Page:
Why I don’t like freebies

A thought occurred to me last night in relation to yesterday’s post, in which I wrote:

I went to a known supplier and asked them for a quote to conduct a site visit and prepare a full scope of work document. They would be paid for their efforts, and the document would be used for the competitive tender of the job proper.

There’s another good reason for doing this, aside from treating contractors fairly.

Earlier in my career I was involved in some rather specific work for which we needed the input of a specialist contractor. One of the managers above me contacted an American company that fit the bill and we engaged in a series of meetings or, as people in my industry like to call them, workshops (Alexei Sayle got this right).

The American company sent their sales people to the meetings and we sent our engineers. The Americans thought it was a sales pitch and so were working pro-bono. We thought it was a design meeting and believed the Americans were working for free because they wanted to please us. After a few meetings we found the Americans were getting less cooperative. Specifically, they were not producing the abundance of technical deliverables our engineers were asking for, and instead kept giving us generic information and brochures. It was not difficult for me to figure out what was going on here, but I was the only one. When I tried to point out that Americans are generally not people who work for free I was shouted down by engineers with no commercial or business experience whatsoever:

“But they have said they want to work with us!” I was told. “So they need to give us what we are asking for.”

At which point I sat back to enjoy the show. Things came to a head when a load of documents arrived from the American company and they did not meet the expectations of our engineers. We all gathered for a meeting to discuss how we would convey our disappointment, and by now I knew enough to stay silent. Had I thought anyone would listen I’d have said:

“How the fuck are we going to complain about the quality of something we’ve been given for free?”

The reason why I insist on contractors not doing things for free when I’m in charge is because it gives you no opportunity to set expectations and quality standards, and no leverage if what you are given is rubbish (which, being free, it always is). I would much rather pay somebody to do a job and set out exactly what I want than to accept freebies or favours and end up with something I don’t.

Somebody really ought to coin a phrase for this sort of thing, maybe using lunch as an analogy.


11 thoughts on “Why I don’t like freebies

  1. Random consultant rings and at the end of a discuss the question comes; ‘Can you send a P&ID’.
    My answer; No, I can send an outline flow diagram.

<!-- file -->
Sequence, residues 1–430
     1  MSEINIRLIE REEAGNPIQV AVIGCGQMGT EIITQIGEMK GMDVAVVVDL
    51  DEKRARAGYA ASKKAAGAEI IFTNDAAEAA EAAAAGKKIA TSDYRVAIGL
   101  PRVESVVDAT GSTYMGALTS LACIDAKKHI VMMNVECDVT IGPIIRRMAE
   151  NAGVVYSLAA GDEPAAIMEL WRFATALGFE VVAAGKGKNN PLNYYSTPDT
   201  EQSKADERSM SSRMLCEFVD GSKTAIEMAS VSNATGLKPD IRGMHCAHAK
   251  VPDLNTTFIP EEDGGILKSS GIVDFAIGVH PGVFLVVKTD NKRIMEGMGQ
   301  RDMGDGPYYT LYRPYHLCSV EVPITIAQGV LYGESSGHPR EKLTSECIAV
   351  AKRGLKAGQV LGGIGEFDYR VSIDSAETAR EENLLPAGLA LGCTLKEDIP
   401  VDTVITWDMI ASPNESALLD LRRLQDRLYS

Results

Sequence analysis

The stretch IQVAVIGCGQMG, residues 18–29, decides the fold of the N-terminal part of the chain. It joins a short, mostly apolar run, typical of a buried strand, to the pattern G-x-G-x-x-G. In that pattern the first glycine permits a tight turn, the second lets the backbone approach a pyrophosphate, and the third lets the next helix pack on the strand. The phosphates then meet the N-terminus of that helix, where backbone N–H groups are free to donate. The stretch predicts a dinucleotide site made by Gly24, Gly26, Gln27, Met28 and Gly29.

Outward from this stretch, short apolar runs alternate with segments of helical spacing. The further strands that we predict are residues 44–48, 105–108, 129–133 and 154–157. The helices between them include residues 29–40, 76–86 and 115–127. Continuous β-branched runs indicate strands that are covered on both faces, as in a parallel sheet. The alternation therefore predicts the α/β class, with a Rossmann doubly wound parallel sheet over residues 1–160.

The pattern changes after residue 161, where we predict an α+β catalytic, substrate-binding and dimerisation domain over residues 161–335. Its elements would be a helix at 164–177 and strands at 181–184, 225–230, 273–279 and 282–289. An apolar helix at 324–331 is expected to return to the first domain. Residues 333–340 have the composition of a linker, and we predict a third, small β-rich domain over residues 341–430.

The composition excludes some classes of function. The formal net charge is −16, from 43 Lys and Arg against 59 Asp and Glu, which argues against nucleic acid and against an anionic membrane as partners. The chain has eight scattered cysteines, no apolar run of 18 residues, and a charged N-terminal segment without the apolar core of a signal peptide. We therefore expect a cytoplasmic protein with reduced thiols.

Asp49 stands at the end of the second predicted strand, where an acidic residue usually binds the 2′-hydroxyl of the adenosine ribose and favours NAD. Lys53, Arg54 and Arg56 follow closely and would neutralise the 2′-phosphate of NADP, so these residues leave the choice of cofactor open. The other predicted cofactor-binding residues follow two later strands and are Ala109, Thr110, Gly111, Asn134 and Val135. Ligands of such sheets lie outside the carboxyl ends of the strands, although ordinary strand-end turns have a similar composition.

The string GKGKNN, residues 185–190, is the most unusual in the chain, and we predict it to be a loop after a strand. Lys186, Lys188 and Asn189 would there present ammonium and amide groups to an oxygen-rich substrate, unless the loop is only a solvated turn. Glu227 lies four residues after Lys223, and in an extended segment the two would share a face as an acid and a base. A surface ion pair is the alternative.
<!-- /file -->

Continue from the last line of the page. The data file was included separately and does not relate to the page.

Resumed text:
Consultant; ‘We really need a P&ID’.
    Me; Please send a PO with a large number written on it.
    End of conversation, almost weekly occurrence for years…

  2. The other saying being money talks and bullshit walks.

    And with payment you can further incentivise to increase value. I settled a fairly big stoush with a big rough and tumble contractor yesterday with one outstanding condition that they certify a future payment as well. The certification wasn’t due until today, they sent it through a few hours ago and to my utmost surprise they certified the payment for a value 30% higher than my invoiced value. They didn’t have to do this, it was a peace offering and they will be rewarded by us for doing this.

  3. I’m a contrator in a niche IT technology and have spent the best part of the last 20 years building up kowledge and experience in said niche technology. I consider this to be a valuable saleable asset.

    This week the company has requested that I share my knowledge and experience with a bunch of new hires that have no experience of the software tools we use. This is in addition to the development work I have been hired to do. Effectively they are asking me to give away my asset free of charge. If they want me to run a training course and pay me the going rate, then fine. But they won’t. I can see this not ending well.

  4. @Henry, are you saying that they expect you to clock off when you finish your development work and start your training work?

  5. If they want me to run a training course and pay me the going rate, then fine.

    I wouldn’t even do that: if you have the niche expertise, why would you train others?

  6. Tim, there is a dearth of people with my expertise in the IT industry as it is. I’m always happy to help others who are willing to learn and indeed have a number of ad-hoc support contracts where I assist the users with where they have gone wrong so they can avoid such in the future. Advice is always free, training not so much.

    Bardon, that’s not the point. They are asking me to pass on my asset to others at much less than the going rate I would normally charge for running a training course.

  7. Random consultant rings and at the end of a discuss the question comes; ‘Can you send a P&ID’.

    Heh! HAZOP-ed too, of course. 🙂

  8. @Henry Crun

    What do you specialise in? Idle interest only. I’m also a software developer / architect.

  9. Somebody really ought to coin a phrase for this sort of thing, maybe using lunch as an analogy.


  10. Plenty of ad agencies now charge for pitches. Not a lot but enough to stop this sort of thing. Back in my day we never – not ever – left designs or copy with prospective clients as it had a bad habit of turning up in their next campaign.

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